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Can a person with diabetes get pregnant? – Portal Diabetes and You

    Can a person with diabetes get pregnant? - Portal Diabetes and You

    If you came to this post, you must be looking for the answer to the question: can a person with diabetes get pregnant? The answer is YES, with careful management and a doctor’s supervision, a patient can have a healthy pregnancy even with diabetes.

    The World Health Organization (WHO) defines health as “a state of complete physical, mental and social well-being and not merely the absence of disease or infirmity”, that is, a person with diabetes can and should be healthy.

    When we talk about diabetes and pregnancy, we find ourselves with 2 different situations:

    • Women who have developed gestational diabetes (first diagnosed during pregnancy).
    • Women with type 1 or type 2 diabetes diagnosed before pregnancy.

    What you will learn in this article applies to both.

    How does diabetes affect babies during pregnancy?

    Having a child is a big decision in anyone’s life, especially if you are a woman with diabetes. By planning ahead, you can really improve your chances of having a healthy pregnancy and a healthy baby.

    Strict control of glucose levels is essential, since excess glucose in the mother’s blood crosses the placental barrier and reaches the baby. With this, the baby’s pancreas increases the production of insulin, which can lead to many complications.

    Risks for the baby:

    • Premature birth;
    • Spontaneous abortion;
    • Macrosomia (very large baby, more than 4 kg);
    • Low blood glucose level at birth (hypoglycemia);
    • prolonged jaundice (yellowing of the baby’s skin and eyes);
    • Respiratory distress syndrome (difficulty breathing).
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    Risks for the mother:

    • Worsening of eye problems (diabetic retinopathy);
    • Worsening of kidney problems (diabetic nephropathy);
    • Urinary and vaginal infections;
    • Pre-eclampsia (high blood pressure usually with protein in the urine);
    • Difficult delivery or caesarean section.

    To minimize the risks of complications, in addition to good planning, the support of a specialized health team is necessary, which must be made up of professionals such as: endocrinologist, high-risk obstetrician and nutritionist.

    People with diabetes can get pregnant: 5 tips to stay healthy

    Getting pregnant with diabetes is not an easy task, it requires a lot of work and dedication on the part of the mother.

    The key to managing diabetes during pregnancy is to achieve normal blood glucose levels 6 months before conception and maintain these levels for the next 9 months.

    Find out now the guidelines that diabetic pregnant women should follow, for a healthy pregnancy and without surprises:

    • Glycosylated hemoglobin: Elevated glucose levels over time may be associated with malformations of the baby and/or miscarriages. Keeping blood glucose levels as close to normal as possible is essential to avoid complications.
      Talk to your doctor and agree with him what should be the values ​​of glycosylated hemoglobin (A1c) that you should have as a goal to pursue.
      If the values ​​were extremely high in the months before conception, a frank discussion with the doctor about what impact these levels may have had on the developing baby is necessary.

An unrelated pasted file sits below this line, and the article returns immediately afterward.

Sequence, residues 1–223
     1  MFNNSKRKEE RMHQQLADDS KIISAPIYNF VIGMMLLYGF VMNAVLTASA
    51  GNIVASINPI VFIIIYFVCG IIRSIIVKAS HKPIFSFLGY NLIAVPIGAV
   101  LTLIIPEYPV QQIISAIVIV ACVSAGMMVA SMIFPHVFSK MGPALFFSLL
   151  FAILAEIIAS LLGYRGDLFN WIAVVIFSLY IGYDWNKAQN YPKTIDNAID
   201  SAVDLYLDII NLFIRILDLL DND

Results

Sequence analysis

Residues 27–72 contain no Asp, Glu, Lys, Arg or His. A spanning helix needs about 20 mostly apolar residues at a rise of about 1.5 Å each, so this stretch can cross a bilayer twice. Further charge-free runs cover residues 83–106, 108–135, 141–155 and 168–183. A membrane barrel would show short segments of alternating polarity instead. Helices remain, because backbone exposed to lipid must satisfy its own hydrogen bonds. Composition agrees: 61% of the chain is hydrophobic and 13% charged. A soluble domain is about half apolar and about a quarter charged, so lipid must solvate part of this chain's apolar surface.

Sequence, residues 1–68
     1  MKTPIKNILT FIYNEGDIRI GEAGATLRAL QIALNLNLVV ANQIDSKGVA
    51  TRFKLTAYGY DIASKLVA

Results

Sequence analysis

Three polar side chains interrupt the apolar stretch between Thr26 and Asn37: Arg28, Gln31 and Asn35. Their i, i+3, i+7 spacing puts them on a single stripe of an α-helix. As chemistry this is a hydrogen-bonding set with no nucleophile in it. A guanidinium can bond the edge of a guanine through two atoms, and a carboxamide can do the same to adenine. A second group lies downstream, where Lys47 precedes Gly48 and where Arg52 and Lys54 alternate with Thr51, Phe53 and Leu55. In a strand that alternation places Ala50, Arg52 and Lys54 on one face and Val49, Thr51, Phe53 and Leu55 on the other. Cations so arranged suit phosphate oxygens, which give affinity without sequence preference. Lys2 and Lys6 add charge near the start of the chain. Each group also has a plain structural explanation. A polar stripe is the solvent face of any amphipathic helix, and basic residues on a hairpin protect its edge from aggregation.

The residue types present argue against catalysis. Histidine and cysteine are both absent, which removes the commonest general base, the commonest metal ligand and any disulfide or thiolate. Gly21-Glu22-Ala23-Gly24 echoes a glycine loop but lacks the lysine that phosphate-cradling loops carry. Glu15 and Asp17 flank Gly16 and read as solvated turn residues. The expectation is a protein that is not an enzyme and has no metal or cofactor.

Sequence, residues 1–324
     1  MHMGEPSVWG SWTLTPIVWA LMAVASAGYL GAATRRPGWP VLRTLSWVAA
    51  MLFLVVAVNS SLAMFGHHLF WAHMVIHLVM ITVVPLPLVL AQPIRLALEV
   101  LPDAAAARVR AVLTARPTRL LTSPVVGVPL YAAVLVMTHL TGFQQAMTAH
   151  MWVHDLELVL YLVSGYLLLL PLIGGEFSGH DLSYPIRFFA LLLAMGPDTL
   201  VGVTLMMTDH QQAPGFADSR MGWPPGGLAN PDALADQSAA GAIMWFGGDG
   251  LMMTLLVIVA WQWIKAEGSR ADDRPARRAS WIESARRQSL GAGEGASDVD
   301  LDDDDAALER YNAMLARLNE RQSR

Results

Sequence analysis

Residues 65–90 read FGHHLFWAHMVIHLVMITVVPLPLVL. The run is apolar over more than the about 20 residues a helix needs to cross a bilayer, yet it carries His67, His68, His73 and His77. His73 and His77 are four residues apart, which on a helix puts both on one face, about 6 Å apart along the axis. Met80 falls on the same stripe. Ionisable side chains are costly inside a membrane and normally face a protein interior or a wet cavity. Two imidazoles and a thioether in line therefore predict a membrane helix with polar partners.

• Blood glucose self-monitoring: Having diabetes and being pregnant means checking your blood sugar more often throughout the day. Close monitoring of glucose levels is essential to keep these levels as close as possible to normal values ​​and thus maintain a glycated hemoglobin below 6.5% during pregnancy.
    • Keep track of your blood glucose results: Record your glucose measurements with the date and time they were taken, also record what was eaten at meals (breakfast, lunch and dinner). The need for insulin increases a lot during pregnancy, so also note the number of units administered at one time in your report. Your doctor may use this data to make adjustments to your treatment.
    • Talk to your doctor about motion sickness: Nausea and vomiting are normal during pregnancy, but when we talk about women with a previous diagnosis of diabetes, this nausea can be dangerous. When eating and applying the dose of insulin and shortly after throwing the food, through vomiting, there is the possibility of having a severe hypoglycemic crisis.
      Talk to your doctor, as they may prescribe medication for nausea and motion sickness. In the event of a hypoglycemic crisis, always have foods rich in fast-absorbing carbohydrates nearby.
    • Maintain or start a physical activity plan: Exercise is essential for the good health of mother and baby. Check with your doctor what physical activities you can do. Physical activity helps maintain blood glucose by increasing glucose uptake by the muscles and increasing the sensitivity of cells to insulin.
    • And remember: A healthy pregnancy is synonymous with a healthy baby!
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    Find out how diabetes may be interfering with the quality of your sex life and find solutions to your problems.

    Answer the following questions:

    – Does sexual activity matter in your life?
    – Do you have diabetes and have difficulty in your sexual life?
    – Do you feel pain during sexual intercourse?
    – Do you have diabetes and want to get pregnant?
    – Or do you want to take a break but don’t know what method of contraception to use?
    – Are you in menopause and have diabetes?
    – Do you want to know if diabetes can cause infertility?

    If you answered YES to any of these questions, you should read the e-book: “SEX and DIABETES: EVERYTHING YOU NEED TO KNOW

    For more information, click the button below:


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